I will never forget how I felt after 9/11, when I visited Ground Zero. The area was fenced off, but the devastation was still overwhelmingly present. There were candles lit, and fresh flowers around the perimeter. There were signs posted by those who were still searching for loved ones. That is the closest I've ever come to war, and it left me with tears in my eyes and a knot in my stomach that didn't go away for days.
Over a decade later, working on the Britten project, and spending this last week in Germany brought my mind back to the kind of loss that is suffered when battles are waged. In preparing the War Requiem, we had several class presentations and discussions about the circumstances surrounding WWI and on the Wilfred Owen poetry used in the work. It struck me that the sort of anonymity that came from the advent of long-rage weaponry bred the disconnect we feel today. Few of us have lost loved ones, and even fewer have seen battle, so we don't have to come face-to-face with pain, loss and death.
Sitting onstage during our final rehearsal in Detmold, I was now familiar enough with the piece that I really began to lose myself in the meaning of the work. The chorus had just finished singing the Libera me (Deliver me, O Lord, from eternal death...), and the tenor began a solo section based on Owen's poetry that depicted a soldier wandering in a dreamy post-battle underworld. There he encountered "encumbered sleepers...too fast in thought or death to be bestirred." One rose up, and after lamenting the loss of his life and hope, told the soldier, "I am the enemy you killed, my friend."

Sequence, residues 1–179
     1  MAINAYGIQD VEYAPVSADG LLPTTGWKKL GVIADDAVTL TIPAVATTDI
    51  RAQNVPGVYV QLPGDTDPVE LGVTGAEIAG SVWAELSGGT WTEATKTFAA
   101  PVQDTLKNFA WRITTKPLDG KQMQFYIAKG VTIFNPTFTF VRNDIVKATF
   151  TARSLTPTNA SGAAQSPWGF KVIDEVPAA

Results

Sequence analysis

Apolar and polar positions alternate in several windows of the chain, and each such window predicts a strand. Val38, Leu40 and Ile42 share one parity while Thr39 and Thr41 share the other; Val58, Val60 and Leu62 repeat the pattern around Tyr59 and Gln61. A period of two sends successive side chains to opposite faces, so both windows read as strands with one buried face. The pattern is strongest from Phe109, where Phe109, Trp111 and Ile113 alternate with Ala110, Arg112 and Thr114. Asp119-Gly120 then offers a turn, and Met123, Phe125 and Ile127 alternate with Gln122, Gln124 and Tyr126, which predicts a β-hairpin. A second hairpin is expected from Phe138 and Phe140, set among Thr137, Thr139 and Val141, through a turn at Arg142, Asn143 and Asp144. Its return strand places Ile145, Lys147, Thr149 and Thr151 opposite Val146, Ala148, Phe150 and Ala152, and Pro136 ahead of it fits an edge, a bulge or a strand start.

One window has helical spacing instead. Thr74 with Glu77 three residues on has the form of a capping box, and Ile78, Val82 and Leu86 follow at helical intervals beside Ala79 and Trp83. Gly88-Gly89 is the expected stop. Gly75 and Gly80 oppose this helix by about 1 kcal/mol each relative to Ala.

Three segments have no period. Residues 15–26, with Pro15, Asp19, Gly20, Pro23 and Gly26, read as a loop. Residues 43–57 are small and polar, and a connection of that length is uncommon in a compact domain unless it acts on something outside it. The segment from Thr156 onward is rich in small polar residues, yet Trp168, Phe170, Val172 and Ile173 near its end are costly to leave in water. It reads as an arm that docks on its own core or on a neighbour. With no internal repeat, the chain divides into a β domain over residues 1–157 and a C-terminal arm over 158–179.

There I was sitting next to people I had never met before, but our ancestors fought on opposing sides of two World Wars. I looked around at the faces of those surrounding me, and felt comforted that we could share the stage for such a profound work, and together make a musical protest against war and death. As we stood for the final chorus, Into Paradise may the Angels lead thee...may thou have eternal rest, I was filled with hope that works like this will lead us all to the kind of peace and brotherhood we desire.
--Anna Degraff, second year doctoral candidate, vocal performance